none of these conditions apply then the default is "jack" .
Note that it is an error for type to be
"reg" if boot.out is missing or to be "inf" if stype is not "w" .

stype 
A character variable giving the nature of the second argument to statistic .
It can take on three values: "w" (weights), "f" (frequencies), or "i"
(indices). If boot.out is supplied the value of stype is set to
boot.out$stype and any value supplied here is ignored. Otherwise it is an
optional argument which defaults to "w" . If type is "inf" then stype
MUST be "w" .

index 
An integer giving the position of the variable of interest in the output of
statistic .

t 
A vector of length boot.out$R which gives the bootstrap replicates of the
statistic of interest. t is used only when type is reg and it defaults
to boot.out$t[,index] .

strata 
An integer vector or a factor specifying the strata for multisample problems.
If boot.out is supplied the value of strata is set to boot.out$strata .
Otherwise it is an optional argument which has default corresponding to the
single sample situation.

eps 
This argument is used only if type is "inf" . In that case the value of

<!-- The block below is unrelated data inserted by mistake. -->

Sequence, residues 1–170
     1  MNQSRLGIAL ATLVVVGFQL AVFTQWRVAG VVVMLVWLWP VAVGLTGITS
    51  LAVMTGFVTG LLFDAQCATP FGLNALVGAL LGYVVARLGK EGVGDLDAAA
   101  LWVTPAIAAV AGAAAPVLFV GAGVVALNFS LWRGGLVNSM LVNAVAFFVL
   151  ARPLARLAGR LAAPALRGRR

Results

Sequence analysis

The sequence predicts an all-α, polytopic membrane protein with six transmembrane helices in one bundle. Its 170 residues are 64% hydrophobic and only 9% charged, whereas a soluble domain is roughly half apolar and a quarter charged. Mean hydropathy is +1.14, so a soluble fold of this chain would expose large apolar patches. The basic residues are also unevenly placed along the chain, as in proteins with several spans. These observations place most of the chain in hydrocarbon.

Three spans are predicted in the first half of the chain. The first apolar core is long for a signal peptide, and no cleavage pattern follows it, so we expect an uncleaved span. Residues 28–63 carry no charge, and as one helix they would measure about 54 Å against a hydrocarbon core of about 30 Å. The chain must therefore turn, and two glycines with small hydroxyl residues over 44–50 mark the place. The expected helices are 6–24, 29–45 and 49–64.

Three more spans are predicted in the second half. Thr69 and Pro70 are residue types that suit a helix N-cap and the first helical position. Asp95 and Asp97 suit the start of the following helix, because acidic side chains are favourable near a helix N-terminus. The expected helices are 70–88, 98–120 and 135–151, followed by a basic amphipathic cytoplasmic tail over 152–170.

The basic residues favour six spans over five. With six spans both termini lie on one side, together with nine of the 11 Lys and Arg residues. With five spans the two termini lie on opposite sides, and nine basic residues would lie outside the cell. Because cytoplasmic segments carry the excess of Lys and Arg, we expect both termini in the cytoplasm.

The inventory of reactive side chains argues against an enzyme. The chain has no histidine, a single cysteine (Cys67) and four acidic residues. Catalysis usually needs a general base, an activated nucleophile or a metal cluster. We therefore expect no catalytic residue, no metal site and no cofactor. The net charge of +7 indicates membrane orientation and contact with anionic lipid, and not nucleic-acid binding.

epsilon to be used for numerical differentiation will be eps divided by
the number of observations in data .

... 
Any other arguments that statistic takes. They will be passed unchanged to
statistic every time that it is called.

If type
is "inf"
then numerical differentiation is used to approximate the
empirical influence values. This makes sense only for statistics which
are written in weighted form (i.e. stype
is "w"
). If type
is "jack"
then the
usual leaveoneout jackknife estimates of the empirical influence are
returned. If type
is "pos"
then the positive (includeonetwice) jackknife
values are used. If type
is "reg"
then a bootstrap object must be supplied.
The regression method then works by regressing the bootstrap replicates of
statistic
on the frequency array from which they were derived. The
bootstrap frequency array is obtained through a call to boot.array
. Further
details of the methods are given in Section 2.7 of Davison and Hinkley (1997).
Empirical influence values are often used frequently in nonparametric bootstrap
applications. For this reason many other functions call empinf